A respirator may seem odd to most welders.
Perhaps you're just desensitized to the hazards of welding fumes. Or maybe you still think that a novelty-seeking act such as exposure to fumes is still cool. But while welding fumes don't kill 5.4 million people a year like tobacco smoke, it can slowly take the life out of you.
Disregarding your health will never be cool. It's time to move past that and find out what makes welding fumes a culprit of slow death for welders.
The deadly fumes that come from welding are a combination of different gas substances. When inhaled constantly, they result in many short-term hazards.
Below are the most harmful substances produced by your welding.
In the short term, exposure to this substance can give you an itchy throat. You'll feel a slight irritation of the eyes and nose. If the symptom progresses, it may lead to fever.
The density of these elements in welding fumes is enough to create dust deposits in your lungs. It may also compromise your immune system.
When you inhale copper oxide, it can cause nausea and diarrhea. You'll also experience pain in your eyes. You may even feel chills in the short term.
The nitrogen in welding fumes can cause difficulty in breathing. It's because the nitrogen causes your lungs to swell and inhibits them from functioning fully.
The excessive inhalation of this, in the short term, can prevent blood oxygenation. It will lead to fainting and, in the worst case, cardiac arrest.
Not wearing a welding respirator exposes your lungs to these substances. In the long run, if you become used to welding without any respirator helmet on, you may seriously damage your health. Worse, it may lead to death.
But what exactly are the serious health damages you may suffer?
The short-term effects of the death fumes may be tolerable. You may think you can handle the exposure without any respiratory protective equipment. But the effects of these death fumes also play a long game that guarantees a shorter life expectancy.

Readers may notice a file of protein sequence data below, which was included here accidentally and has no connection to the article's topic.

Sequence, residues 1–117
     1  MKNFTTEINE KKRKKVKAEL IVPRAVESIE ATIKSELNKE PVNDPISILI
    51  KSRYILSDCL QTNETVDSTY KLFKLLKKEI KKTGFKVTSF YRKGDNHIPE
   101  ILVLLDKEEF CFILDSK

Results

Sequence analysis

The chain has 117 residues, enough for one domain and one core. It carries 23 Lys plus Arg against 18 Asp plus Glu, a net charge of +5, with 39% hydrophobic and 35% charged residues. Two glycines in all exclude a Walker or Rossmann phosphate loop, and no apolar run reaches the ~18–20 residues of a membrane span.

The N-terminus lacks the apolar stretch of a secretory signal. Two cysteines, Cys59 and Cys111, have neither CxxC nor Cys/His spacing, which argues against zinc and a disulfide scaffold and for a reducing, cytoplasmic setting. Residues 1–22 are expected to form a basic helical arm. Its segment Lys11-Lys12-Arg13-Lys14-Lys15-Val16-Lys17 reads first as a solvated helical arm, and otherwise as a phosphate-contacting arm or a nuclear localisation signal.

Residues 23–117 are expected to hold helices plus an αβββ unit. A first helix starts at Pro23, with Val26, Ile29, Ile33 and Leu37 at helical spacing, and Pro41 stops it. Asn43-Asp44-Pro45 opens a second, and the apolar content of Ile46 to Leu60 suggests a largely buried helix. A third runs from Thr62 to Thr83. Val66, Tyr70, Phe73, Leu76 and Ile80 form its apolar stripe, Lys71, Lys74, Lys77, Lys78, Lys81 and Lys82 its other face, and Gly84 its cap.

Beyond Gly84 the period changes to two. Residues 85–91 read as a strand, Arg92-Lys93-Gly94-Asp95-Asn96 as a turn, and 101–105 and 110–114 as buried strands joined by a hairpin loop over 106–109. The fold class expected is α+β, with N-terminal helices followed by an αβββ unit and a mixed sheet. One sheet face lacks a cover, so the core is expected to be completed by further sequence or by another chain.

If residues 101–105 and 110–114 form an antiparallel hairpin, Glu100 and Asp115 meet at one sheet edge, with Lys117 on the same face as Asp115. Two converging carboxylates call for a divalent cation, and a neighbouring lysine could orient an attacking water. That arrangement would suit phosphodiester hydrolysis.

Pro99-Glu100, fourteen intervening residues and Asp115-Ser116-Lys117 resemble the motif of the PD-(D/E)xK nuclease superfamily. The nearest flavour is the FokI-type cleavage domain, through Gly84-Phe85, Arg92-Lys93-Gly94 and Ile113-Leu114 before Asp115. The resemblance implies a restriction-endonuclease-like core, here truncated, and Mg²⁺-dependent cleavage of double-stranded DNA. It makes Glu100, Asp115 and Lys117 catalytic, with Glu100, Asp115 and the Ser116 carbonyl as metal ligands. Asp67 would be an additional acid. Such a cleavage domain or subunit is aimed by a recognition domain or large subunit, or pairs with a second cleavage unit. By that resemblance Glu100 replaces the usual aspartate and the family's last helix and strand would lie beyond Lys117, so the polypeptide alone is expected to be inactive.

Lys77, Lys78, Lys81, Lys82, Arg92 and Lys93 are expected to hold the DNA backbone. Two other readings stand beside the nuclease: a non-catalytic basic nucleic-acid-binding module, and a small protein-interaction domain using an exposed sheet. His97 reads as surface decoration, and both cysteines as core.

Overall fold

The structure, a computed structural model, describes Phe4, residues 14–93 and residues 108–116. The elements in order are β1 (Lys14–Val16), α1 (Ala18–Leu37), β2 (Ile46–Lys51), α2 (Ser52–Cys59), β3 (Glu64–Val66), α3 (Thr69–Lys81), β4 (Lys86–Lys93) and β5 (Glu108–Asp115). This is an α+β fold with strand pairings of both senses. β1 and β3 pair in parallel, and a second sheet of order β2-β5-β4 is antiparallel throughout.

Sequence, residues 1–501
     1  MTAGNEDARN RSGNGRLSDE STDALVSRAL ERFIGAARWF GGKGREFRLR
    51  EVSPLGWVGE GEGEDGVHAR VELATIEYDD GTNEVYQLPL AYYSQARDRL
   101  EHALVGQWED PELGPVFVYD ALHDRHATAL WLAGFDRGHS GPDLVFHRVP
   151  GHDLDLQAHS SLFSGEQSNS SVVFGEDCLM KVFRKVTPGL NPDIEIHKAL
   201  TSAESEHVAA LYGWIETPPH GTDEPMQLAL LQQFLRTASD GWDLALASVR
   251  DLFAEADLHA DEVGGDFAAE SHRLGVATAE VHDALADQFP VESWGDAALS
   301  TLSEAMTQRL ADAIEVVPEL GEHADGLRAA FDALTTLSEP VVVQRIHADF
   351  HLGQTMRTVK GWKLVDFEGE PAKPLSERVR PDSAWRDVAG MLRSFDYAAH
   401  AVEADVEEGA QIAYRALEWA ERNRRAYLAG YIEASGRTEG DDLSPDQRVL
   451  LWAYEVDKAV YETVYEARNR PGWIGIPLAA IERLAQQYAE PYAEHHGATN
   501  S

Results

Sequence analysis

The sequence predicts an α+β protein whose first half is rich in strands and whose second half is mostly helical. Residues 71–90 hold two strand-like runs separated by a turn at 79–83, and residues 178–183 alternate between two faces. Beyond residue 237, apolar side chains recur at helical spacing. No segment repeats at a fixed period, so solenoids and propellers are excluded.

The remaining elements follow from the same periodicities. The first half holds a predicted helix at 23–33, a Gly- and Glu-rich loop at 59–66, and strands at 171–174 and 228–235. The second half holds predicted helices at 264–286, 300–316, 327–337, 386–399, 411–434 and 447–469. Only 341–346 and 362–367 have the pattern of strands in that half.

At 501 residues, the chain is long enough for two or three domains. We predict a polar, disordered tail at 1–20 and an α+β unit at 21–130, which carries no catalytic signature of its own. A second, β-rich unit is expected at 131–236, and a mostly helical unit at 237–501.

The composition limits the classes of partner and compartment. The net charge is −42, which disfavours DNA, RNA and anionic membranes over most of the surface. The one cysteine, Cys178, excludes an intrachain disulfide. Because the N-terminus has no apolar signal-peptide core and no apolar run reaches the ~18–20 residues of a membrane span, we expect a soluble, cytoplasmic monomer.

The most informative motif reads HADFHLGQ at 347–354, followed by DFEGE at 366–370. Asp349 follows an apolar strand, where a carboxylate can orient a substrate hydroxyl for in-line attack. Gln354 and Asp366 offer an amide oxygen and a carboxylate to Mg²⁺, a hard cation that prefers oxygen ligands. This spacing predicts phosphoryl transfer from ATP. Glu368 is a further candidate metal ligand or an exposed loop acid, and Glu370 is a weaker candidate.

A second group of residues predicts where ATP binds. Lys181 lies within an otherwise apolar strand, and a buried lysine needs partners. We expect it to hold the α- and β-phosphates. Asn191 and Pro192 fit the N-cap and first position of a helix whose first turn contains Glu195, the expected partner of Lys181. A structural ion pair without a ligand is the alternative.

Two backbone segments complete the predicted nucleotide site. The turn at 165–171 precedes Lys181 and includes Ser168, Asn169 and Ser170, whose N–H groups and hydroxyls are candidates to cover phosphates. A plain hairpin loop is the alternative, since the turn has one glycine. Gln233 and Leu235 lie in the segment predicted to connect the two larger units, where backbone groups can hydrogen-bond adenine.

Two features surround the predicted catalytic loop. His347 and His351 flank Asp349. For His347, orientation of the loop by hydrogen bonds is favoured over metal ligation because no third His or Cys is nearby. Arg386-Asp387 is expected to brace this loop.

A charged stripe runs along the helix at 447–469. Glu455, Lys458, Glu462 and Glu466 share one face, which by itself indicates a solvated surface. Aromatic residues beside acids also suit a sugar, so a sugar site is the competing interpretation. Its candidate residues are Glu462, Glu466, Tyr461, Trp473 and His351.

The effects of long-term exposure to welding fumes result in weakened lungs. You may develop asthma, emphysema, or chronic pneumonia.
Your lungs inhale iron, titanium, aluminum, and magnesium oxide particles that are present in the welding fumes. In the long run, they will settle inside your lungs and damage the surrounding tissue they come in contact with.
Manganese increases the chance of developing symptomatic brain damage. The American Academy of Neurology found that manganese present in welding fumes puts healthy welders at risk of damage to the brain area where Parkinson's disease also develops.
Long-term exposure to welding fumes may result in the degradation of renal function. Kidney damage is a result of the high cadmium concentration in the welding fumes that, when inhaled, work their way into the kidney. Other long-term effects may also include toxicity in the urinary tract and cancer.
The substances present in welding fumes can scar the respiratory tract if you don't protect yourself. You may damage the larynx when you inhale the fumes. In the long run, the constant scarring and exposure may lead to laryngeal cancer.
The dangers of exposing yourself to welding fumes work slowly but surely. The years spent welding without a respirator quietly invade your system and scrape off years of your life.
If you're expecting to live for 80 years, letting these death fumes inside your body will reduce that by a couple of decades. So it's time to get used to wearing a respirator.
In general, respirators filter out the substances in welding fumes and prevent them from entering your body. Thus, these respirators concentrate on protecting the mouth and the nose.
A half-faced welding respirator mask is a common go-to protective equipment for welders because it's convenient. You just strap it on, and off you go.
On the other hand, it does have limitations. Often a half-face mask is not compatible with a helmet, so you're forced to trade off eye and face safety to protect your lungs. You may also feel the tight straps and inner mask linings gripping your ears and face, so you'll tend to remove them, effectively removing its protective capacity. Thus, half-mask respirators are best suited for non-welding activities such as painting and dusting.
For a bona fide welder, a welding helmet with a respiratorthat covers from head to shoulders is ideal. It has the same protective and performance functions as those of your typical welding helmet, but with the addition of a purified air supply. It ensures that your eyes are protected from the welding arc, your entire head is enclosed, and you breathe only non-hazardous air.
Wearing a welding hood with a respirator has a couple of benefits.
The protection of a full-face respirator helmet allows you to weld accordingly without any risk of exposure. It’s a truly foolproof way to keep the death fumes out of your system and prolong your life.
Get yourself a helmet respirator. Every day you wear one during your welding sessions is another day added to your life. So from now on, don't start and end without one.